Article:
After many years of hibernation, the little echidnas from Monotreme Extreme came out of retirement to cobble together some gear for Kim and Gayle’s most awesome adventure. It has been quite a while since Kim’s little friends have had anything to do.
The first bits of kit off the production line were front roll bags to strap to the handlebars of our bikes. The goal was to come up with a light storage solution for our sleeping gear that mounted on the front of our bikes. After a bit of time flitting around the web looking at what was available on the market, the decision was to make a double ended bag that strapped directly to the handlebars. The dual end was chosen to allow the load to be balanced evenly across the bars. Like all good projects there was a bit of design and construct as we went along. This included little things like making sure that the seam in the bag faced down when finished and that the ends of the bag had a Velcro seal to help with closing the bags for rolling up. There was only a small amount of blue language and unpicking required before the first bit of Monotreme Extreme Munda Biddi gear was rolling off the production line.
The great thing about setting up two bikes for the adventure was been the chance to do everything at least twice. This usually resulted in a slight improvement in design or technique, but was not always the case. There were times when the end result on the subsequent bit of gear didn’t look quite as good as the first.
The second big ticket item to be built was an ultra light down quilt. In our searches for ways to reduce weight for the trip, we kept seeing that quilts were all the rage in the ultra light weight camping fraternity. Gayle thought that a quilt might be a solution to her temperature fluctuations throughout the night too. So Quilt Design 101 was undertaken. We soon learned that there were many parts to a quilt that determine how it performs in the wild.
One of the most important parts of a quilt is the amount and style of insulation that will be used. There are basically two types of insulation to consider – synthetic or down. Synthetic has the advantage that if it gets wet it is relatively easy to dry, while Down is very compact, lightweight and able to loft (get all puffy and keep you warm). We have had Down sleeping bags for years without any issues so thought that would be the way for us to go this time. There are some cool equations on the web that give a rough correlation between how much loft you have in a quilt and what temperature you might be able to tolerate in it. Sourcing Duck or Goose Down in Far North Queensland is a bit challenging (Gayle’s ducks started to look very nervous). After reviewing a lot of blogs, I found several sources of “Treated Down”, mainly in USA and one in Australia.
The next most important part of a Down quilt is a shell to contain the down. Again our trusty search engine pointed us in the right direction. It is imperative that the shell material be calendared (a process that seals the fabric to prevent the down making a great escape). Quilt shell fabrics come in various weights. As we were to learn, lighter weight fabrics are softer and more delicate, while heavier fabrics offer slightly more warmth.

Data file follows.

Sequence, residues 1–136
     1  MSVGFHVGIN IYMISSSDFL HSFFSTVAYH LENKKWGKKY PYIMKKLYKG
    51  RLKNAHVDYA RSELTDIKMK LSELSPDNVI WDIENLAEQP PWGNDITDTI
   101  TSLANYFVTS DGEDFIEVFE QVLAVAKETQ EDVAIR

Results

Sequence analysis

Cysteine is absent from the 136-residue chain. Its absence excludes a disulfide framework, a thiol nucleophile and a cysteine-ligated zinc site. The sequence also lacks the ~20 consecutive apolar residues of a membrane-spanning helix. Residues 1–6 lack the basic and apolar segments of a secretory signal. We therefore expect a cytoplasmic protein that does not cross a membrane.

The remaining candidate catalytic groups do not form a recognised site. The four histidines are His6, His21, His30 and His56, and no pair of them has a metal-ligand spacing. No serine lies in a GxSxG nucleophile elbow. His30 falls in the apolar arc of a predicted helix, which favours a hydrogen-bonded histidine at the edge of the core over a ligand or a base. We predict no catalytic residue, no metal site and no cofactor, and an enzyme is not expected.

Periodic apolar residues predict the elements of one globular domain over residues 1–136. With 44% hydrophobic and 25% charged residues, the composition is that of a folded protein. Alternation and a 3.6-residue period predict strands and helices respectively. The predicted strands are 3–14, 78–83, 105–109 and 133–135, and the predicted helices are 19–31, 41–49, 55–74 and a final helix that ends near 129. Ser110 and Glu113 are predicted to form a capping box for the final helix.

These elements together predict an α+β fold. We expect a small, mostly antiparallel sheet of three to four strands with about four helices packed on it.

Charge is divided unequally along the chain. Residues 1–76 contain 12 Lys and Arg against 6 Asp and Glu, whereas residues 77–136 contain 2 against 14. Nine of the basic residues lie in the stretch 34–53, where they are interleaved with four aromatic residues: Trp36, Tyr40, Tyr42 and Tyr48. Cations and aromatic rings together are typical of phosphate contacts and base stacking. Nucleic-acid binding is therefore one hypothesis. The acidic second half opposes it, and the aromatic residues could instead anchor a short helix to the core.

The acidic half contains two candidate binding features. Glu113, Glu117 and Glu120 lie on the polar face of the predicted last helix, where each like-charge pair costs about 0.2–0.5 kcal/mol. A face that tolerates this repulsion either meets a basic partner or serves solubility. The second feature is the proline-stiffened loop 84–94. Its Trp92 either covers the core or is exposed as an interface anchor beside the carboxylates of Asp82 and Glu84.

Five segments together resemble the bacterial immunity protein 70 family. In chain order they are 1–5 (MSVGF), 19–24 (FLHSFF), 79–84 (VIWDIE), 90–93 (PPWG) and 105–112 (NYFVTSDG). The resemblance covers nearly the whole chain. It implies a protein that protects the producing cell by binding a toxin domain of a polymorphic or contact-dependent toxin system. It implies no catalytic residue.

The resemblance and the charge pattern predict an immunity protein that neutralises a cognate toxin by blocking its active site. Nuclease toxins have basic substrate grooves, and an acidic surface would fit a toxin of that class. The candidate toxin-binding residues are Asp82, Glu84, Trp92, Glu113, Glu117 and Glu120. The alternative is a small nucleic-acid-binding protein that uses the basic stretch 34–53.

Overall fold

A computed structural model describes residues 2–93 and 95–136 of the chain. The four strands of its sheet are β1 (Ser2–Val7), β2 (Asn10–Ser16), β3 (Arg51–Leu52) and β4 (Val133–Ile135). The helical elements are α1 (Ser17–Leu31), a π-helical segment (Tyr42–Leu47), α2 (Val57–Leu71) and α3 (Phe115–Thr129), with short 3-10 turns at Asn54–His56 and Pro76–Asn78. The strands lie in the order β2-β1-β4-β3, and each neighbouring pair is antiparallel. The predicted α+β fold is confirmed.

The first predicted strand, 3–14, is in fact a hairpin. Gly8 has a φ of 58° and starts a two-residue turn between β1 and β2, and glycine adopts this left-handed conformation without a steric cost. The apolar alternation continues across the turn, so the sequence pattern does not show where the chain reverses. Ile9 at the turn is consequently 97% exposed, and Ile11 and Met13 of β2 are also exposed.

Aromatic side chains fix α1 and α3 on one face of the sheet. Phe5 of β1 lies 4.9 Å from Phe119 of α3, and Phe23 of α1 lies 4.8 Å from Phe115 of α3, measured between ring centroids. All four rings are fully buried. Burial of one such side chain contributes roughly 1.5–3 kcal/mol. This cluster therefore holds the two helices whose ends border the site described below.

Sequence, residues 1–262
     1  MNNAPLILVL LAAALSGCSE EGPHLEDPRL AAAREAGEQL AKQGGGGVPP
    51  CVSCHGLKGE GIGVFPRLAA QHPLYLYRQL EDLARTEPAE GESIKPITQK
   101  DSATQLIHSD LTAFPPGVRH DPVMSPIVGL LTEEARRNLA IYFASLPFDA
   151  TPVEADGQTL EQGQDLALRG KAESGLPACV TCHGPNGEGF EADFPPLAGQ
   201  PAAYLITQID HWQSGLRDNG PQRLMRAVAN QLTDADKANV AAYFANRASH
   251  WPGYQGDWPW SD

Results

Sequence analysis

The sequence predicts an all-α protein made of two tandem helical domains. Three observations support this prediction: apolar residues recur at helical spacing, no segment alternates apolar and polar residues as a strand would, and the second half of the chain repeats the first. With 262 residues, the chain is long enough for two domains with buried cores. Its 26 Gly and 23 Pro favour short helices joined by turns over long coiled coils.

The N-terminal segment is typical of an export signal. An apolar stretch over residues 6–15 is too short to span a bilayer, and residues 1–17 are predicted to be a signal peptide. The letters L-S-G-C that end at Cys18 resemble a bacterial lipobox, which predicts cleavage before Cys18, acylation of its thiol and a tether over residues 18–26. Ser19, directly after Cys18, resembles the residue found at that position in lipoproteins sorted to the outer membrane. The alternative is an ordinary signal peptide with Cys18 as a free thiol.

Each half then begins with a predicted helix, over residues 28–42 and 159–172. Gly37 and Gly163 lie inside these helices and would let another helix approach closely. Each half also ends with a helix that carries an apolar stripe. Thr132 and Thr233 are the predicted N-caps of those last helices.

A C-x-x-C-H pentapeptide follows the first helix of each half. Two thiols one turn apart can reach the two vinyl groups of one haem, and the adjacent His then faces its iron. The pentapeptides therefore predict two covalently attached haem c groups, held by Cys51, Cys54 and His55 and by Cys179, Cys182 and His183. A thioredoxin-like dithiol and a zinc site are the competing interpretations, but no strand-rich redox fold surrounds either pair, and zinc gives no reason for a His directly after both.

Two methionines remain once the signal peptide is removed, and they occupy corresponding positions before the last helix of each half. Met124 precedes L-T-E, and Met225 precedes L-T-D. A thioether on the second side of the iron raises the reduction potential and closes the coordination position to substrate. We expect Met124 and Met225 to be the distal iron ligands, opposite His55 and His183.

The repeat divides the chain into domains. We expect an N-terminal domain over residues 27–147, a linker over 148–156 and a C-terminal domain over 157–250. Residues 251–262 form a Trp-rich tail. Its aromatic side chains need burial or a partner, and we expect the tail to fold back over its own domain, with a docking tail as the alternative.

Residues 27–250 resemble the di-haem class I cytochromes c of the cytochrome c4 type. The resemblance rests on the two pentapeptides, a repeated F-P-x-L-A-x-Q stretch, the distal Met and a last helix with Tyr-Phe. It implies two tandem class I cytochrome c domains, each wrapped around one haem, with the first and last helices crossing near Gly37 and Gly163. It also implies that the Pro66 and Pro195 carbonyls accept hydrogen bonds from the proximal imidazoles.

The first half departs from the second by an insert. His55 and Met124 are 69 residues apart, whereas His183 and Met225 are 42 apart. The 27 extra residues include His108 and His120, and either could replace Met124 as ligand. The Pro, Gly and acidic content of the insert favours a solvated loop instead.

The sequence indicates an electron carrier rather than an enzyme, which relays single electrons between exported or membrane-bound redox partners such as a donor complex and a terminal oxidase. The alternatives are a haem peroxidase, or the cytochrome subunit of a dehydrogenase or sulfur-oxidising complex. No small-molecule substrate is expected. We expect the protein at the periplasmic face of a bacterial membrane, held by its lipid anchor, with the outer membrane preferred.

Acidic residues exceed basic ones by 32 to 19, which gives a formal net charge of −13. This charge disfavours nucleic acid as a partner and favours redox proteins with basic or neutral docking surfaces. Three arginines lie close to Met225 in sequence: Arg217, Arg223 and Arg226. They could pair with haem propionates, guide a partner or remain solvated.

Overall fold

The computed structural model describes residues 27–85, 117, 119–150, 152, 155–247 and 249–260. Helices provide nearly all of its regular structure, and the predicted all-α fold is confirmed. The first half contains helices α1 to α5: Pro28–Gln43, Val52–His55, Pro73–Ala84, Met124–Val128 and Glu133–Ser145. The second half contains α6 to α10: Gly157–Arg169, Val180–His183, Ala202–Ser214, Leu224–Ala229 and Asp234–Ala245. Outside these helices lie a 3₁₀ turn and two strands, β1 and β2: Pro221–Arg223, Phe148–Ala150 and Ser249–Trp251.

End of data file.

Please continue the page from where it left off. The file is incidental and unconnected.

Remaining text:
It wasn’t until we started sourcing materials that we encountered the question of what sort of “Footbox” to use. As the name implies, the Footbox is the area at the bottom of the quilt where your feet go. We had initially thought that a quilt would be like that heavy woollen bit of gear we pull out each winter and throw over our bed (ie – flat). We learned that the Footbox has a very important function in a light weight quilt in that it stops the quilt slipping away in the night not to found again until morning. The weight of a set of legs also helps to pin the slippery little devil down and makes defending ownership from fellow tent dwellers a bit easier. So the quest for the ultimate Footbox began. We settled for a Footbox design that would allow the quilt to be used flat as well as closed up like a sleeping bag. We made our Footbox close to the knee with OmniTape, a style of Velcro that has both hooks in loops in the one tape which is not as scratchy as the hooks only part of regular Velcro.
With all the technical stuff sorted, Kim set off on the adventurous task of building quilts. With a little bit of planning, the quilts were quite simple sewing (all straight seams), with some fiddly techniques like stuffing the whole sleeping quilt into the last baffle before being turned right side out. There were a few anxious moments, especially working out how to get the fluffy down stuff from the plastic packet into its nylon cocoon without filling the house with floating bits of down. The solution – use the vacuum cleaner. The end result was two quilts that are much too warm for tropical use, but should be just fine in the sub Antarctic regions of Southern Western Australia.
The other major items that were built were the rolls for on top of the rear pannier racks. These were similar to the front rolls, but only opened at one end and had a round base with a tail light strap.
The total gear making count was 2 x Front Rolls, 2 x Back Rolls, 1 x Map pocket, 2 x Ultra Light quilts, two sets of trouser alterations, countless stuff sacks and many more webbing straps.
With all of the sewing completed, and a few road tests, all of the gear seemed to work as planned. The only thing that remained was a thousand kilometres of product testing.
The Monotreme Extreme echidnas are very proud of their work.